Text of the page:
In 2001, Puyallup was one of 10 U.S. cities to participate in the Robert Wood Johnson Foundation-funded AdvantAge Initiative. Once that effort ran its course, a core group of activists kept the idea of an age-friendly city alive through some lean years.
LeadingAge spoke with Linda Henry, immediate past president of the Puyallup Area Aging in Community Committee, and Dr. Charles Emlet, a professor of social work at the University of Washington-Tacoma, also a member of the committee. Emlet was a member of the original Puyallup AdvantAge community stakeholder’s committee.
LeadingAge: How would you describe your organization?
Linda Henry: We’re a virtual organization in the sense that our members are professionals or people who are more into volunteer work. We work on trying to raise awareness through communication efforts, the events we hold twice a year, including a volunteer fair (which came out of the post-grant effort to learn what people want in a city).
LeadingAge: What successes have you had over the years?
Linda Henry: There was a senior advisory board the city had that partially came out of the AdvantAge initiative, and one thing they recommended was the use of flags so drivers would be more aware of people in crosswalks. The whole objective was to allow people who are older or need more time to cross the street to be recognized so they have adequate time to get across.
The city has also supported the volunteer fair in particular every year. One thing we have started is to develop an age-friendly certification program for businesses. We have done focus groups on that, to look at how people are treated and what sort of access businesses have for older people. The focus groups identified what they considered the characteristics of an age-friendly business. Interestingly, customer service was most important, and senior discounts were least important.
LeadingAge: How did you first get involved in this effort?
Linda Henry: Professionally, my background includes writing, strategic development, marketing, communication and consulting, particularly in the areas of health care and aging. Following publication of my co-authored book, Transformational Eldercare from the Inside Out, I have focused on aging issues.
I was invited to join the Puyallup Area Aging in Community Committee just after the original grant ended.
Charles Emlet: I’m a social worker by discipline. I did gerontological social work for 20 years in California. Now I’m a professor at University of Washington-Tacoma, in my 17th year. A lot of my research focuses on vulnerable populations of older people. My work here started when Puyallup was beginning its involvement with the AdvantAge initiative.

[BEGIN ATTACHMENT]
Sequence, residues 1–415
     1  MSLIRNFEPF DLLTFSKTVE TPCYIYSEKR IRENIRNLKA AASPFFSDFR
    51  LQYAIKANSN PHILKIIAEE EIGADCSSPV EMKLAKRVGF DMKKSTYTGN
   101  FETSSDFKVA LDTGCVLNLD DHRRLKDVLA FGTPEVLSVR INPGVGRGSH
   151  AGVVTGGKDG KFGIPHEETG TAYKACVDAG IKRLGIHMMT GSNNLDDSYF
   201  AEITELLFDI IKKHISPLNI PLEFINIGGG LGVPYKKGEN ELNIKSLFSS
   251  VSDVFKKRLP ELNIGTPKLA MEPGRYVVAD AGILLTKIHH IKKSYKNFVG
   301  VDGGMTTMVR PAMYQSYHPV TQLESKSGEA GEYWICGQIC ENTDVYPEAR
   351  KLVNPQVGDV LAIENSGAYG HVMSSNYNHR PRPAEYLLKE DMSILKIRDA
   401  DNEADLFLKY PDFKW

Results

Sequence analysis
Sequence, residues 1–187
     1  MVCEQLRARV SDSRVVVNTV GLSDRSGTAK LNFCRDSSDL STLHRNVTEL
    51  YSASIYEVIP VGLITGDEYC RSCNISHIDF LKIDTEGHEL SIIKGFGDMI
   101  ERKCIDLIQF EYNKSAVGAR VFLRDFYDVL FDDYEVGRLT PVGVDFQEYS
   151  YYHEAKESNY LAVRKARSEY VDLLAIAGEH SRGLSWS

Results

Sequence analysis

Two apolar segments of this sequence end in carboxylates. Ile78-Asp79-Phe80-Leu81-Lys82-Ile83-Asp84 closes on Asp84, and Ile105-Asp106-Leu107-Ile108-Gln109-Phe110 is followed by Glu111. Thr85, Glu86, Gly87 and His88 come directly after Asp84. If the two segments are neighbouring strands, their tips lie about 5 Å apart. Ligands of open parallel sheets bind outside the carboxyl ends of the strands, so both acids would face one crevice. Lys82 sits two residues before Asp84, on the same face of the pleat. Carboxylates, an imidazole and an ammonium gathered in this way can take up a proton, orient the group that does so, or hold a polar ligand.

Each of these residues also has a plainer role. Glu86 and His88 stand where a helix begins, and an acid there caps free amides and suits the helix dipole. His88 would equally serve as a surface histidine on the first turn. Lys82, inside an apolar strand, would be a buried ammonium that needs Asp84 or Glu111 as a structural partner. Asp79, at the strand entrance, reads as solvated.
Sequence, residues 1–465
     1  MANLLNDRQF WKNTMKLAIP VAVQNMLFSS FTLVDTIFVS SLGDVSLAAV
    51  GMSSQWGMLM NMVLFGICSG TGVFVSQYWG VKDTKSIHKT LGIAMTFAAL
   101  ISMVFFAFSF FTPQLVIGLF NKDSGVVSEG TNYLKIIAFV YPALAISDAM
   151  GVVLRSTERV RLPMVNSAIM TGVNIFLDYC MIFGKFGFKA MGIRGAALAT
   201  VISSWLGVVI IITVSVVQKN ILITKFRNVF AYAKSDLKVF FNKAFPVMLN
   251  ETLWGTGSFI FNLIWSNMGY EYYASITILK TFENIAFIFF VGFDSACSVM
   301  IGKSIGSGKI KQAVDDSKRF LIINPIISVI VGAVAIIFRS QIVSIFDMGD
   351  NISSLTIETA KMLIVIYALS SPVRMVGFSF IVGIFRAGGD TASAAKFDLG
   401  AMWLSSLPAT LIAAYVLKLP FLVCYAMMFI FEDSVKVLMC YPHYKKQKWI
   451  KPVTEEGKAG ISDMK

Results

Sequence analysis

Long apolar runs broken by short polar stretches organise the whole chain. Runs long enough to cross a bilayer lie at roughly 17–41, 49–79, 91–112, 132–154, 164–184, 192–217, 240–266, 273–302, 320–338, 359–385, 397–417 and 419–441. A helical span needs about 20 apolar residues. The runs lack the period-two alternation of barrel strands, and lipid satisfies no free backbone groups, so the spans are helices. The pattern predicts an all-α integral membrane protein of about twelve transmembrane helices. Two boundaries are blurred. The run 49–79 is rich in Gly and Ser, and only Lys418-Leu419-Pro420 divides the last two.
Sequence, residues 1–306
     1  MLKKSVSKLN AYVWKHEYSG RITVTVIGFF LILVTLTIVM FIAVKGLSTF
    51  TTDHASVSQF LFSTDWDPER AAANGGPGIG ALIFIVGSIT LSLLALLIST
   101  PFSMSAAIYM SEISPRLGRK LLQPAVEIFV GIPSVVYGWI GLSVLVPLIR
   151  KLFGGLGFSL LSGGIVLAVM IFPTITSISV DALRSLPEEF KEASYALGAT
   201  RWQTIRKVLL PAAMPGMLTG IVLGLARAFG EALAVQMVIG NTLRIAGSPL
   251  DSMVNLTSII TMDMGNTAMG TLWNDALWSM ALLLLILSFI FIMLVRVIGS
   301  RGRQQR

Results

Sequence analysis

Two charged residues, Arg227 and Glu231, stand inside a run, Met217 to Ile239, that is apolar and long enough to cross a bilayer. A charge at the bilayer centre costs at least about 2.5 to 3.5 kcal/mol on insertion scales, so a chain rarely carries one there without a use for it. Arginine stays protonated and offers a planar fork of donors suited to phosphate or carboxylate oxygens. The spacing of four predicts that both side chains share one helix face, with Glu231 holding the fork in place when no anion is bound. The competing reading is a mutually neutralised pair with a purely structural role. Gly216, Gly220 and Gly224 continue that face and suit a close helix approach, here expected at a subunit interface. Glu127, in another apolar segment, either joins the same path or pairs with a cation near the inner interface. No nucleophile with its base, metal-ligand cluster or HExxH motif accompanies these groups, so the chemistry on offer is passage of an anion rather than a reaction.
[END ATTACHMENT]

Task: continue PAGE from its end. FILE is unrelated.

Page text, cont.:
I was involved in that task force for approximately 2 years. The funding dried up and went away, but it was a stalwart, stubborn group that didn’t want to quit. We had no sanction, but we just kept meeting, and over time we had a lot of organizational looks. We were technically a subcommittee of a city government committee for a while. Now we’re in the process of becoming a 501(c)(3).
LeadingAge: What are the benefits of an age-friendly city?
Charles Emlet: Aging in place means helping an older person remain in their home. Aging in community has more of a macro tint to it, and it’s about aging as part of a vibrant community. When I think about aging in place, having done easily 1,000 home visits to frail older people, it’s about the person struggling and being a recipient of care, suggesting a one-way street. What we are about is an exchange of value, where the older person values the community they’re in but the community [also] values the person. That’s the synergy we’re talking about; a sense of reciprocity and mutual value.
An older person not only needs things from their community but has things to offer. One of our board members, who goes back to the original AdvantAge committee, is close to 90, and he continues to volunteer to help kids improve reading and math skills. What a valuable member of the community in terms of exchange and reciprocity he is! So how do we together, on the national level and the city level, communicate a congruent message?
Linda Henry: I think that it is important that any caregiver who provides in-home care needs to be an advocate, not just someone who simply shows up and performs whatever care is needed. How can you be the advocate for services and opportunities for engagement outside of your professional life?
Charles Emlet: When I think about going into the homes of older people, a couple of things come to mind. We often mistake physical frailty for incompetence. That’s a dangerous place to go—that because someone is limited in mobility, or homebound because of the structure of the home, that somehow their competence and value as a human is diminished.